My big break came on April 25. The trainer’s son recognized me as I watched the horses enter the paddock, and he introduced me to the horse’s assistant trainer. She was very excited that someone was interested in giving one of her horses a good retirement home. I again gave her a letter that contained my contact information. After the race, she said I’d probably be receiving a call soon. I was ecstatic, to say the least!

May 22 was my 31st birthday. My boyfriend and I went to the track to watch the races, even though Payten wasn’t running. I was stationed in my usual spot next to the paddock when my phone rang – it was the assistant trainer. I could come get Pay Attention as soon as I was ready. I literally began yelling, “Pay Attention is mine!” in the middle of a crowd of people. I called everyone I knew and yelled over the phone, “I got him!” It was the best birthday present ever.

I picked up Payten at the trainer’s farm near Penn National on May 30 2009 and took him to a local farm that was much more low-key that Stonewood. Payten stayed there a month until a stall opened up at my barn, then he moved to his permanent home on July 1. His progress has certainly been a proverbial roller coaster. At first, he was a sleek, fit, muscular, high-energy athlete that galloped around his paddock with his tail in the air and head held high. After a few months of “coming down” from track life, his condition deteriorated. He lost at least 100 pounds, his feet were sore, his neck and back were out of alignment. He developed what we think were lower GI ulcers. His hair fell out in patches, he got rain rot and ringworm. It was one thing after another and, even though my trainer warned me what could happen, I was devastated for so many months. This was not the life I wanted for this warrior!

Patience and perseverance paid off. Payten slowly gained weight with a high-quality diet tailored to his needs by my trainer. The Animal Sports Therapist worked with him over a few months using a variety of treatments. The vet scoped him and x-rayed his obviously-large front ankles. We treated Payten for ulcers and have him on some good supplements to help support his GI and joint health. His winter coat shed out, and his summer coat came in smooth and gleaming. Regular farrier visits have helped his strengthen his feet and correct his hoof angles. Now, Payten is the picture of health and happiness, exactly what I wanted for him when I retired him.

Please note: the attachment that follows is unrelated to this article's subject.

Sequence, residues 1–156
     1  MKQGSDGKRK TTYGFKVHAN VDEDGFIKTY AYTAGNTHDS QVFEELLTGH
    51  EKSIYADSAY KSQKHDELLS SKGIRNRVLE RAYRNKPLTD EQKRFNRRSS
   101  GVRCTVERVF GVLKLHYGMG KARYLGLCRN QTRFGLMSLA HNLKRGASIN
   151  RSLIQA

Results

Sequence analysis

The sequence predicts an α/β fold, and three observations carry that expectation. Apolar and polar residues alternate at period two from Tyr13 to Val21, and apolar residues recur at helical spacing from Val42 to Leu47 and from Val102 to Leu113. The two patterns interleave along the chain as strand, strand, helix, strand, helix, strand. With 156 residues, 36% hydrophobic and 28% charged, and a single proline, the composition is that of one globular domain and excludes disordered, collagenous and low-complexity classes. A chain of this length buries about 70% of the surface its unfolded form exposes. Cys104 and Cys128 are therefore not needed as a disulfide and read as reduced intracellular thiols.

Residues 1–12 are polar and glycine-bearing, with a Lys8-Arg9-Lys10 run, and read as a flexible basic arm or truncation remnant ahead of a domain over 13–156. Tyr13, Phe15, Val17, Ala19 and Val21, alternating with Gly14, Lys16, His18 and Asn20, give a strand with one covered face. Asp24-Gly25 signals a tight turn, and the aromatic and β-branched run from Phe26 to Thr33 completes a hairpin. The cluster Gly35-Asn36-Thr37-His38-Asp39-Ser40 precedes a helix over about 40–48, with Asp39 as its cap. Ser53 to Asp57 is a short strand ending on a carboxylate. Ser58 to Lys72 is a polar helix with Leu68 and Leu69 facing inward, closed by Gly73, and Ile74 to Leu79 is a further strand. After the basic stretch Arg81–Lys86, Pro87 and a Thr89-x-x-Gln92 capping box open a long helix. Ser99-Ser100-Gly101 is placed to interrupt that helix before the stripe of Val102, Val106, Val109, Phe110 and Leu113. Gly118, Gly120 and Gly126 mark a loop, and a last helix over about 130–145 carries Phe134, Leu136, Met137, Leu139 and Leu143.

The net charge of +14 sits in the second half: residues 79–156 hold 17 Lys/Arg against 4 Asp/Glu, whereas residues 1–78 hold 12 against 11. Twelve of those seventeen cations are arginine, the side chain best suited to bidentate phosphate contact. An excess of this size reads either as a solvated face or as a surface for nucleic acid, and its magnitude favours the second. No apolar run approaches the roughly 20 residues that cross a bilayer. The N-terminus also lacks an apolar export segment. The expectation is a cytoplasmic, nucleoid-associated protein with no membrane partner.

After spending hours upon hours sitting with Payten in his stall, hanging out with him in his paddock, grooming him, hand-grazing him, and working him from the ground, I rode him for the first time one year after I brought him home. I didn’t have a saddle that fit him yet, so I hopped on him bareback, and he was an angel. I’ve ridden him multiple times since then, and it’s strengthened the bond we have. I think Payten finally realizes he has his own human now, and I think it makes him one very happy horse.

Monday, July 19, 2010

"High Jinx"-- Bucked His Way into His Owners Heart

The Second Race enjoys receiving stories from owners of their ex-race horses. Our story today is written by Shannon and her ex-race horse Sting of Glory renamed "High Jinx".

I am the first to admit that I fall in love at the drop of a hat. For as long as I can remember I have loved horses. I also love speed. My first pony was a half blind old Shetland/ welsh palomino that would run away with me on a regular and thrilling basis. My next pony was a half Arabian, my very own “Black Stallion” come to life. Both paled before the greatness of my first real horse.
My first memory of Jinx was of him flying by me, rider-less at a horse show. He had enough of his current owner and had unceremoniously dumped him at the base of a jump and flew out of there. He ran back to his stall, ran in and went out to the attached run and hid behind the barrier. As I caught him and brought him back to his owner I swear he was laughing.
A few months later I now boarded at the same barn. I was grooming my Arabian cross when I heard the unmistakable sound of a horse cast. We located the problem, Jinx. He had rolled over and gotten one leg stuck under the water and the other was stuck out the door. I carefully liberated both legs, and helped pull him over so he could get up. After he stood up he sniffed my hair, and seemed quite embarrassed that humans had seen him in such a precarious position. Once again I was struck by his amazing presence, I had never seen that or felt that before, but it was like standing next to a high voltage power line, you could just feel the vibrations. It was not long after that episode that my coach told me it was time for me to move on from my little Arabian and find a true horse that could teach me all about upper level three day eventing.
I tried many horses before I was shown Jinx. My family was nervous. He had a terrible reputation, he regularly bucked his owner off, and he was older. My first ride was something else. The vibrations from the ground were nothing compared to what you got when you looked through those black ears.
Not only did he teach me about eventing, he taught me more. Jinx taught me love, loyalty, courage, honor, and life. He carried me through my first long format three day events, jumped advanced level cross-country jumps, and yes, bucked me off on a regular basis. He saved me from a terrible fall at a qualifying event. To this day I don’t know how he stayed on his feet. The courage and heart of a TB was in full effect that day. He had “happy” bucks and “don’t screw up again” bucks. He was far from the elderly school horse, but he taught me to ride correctly, and to care for a horse. On one occasion, he bucked me off so hard that I ruptured my spleen.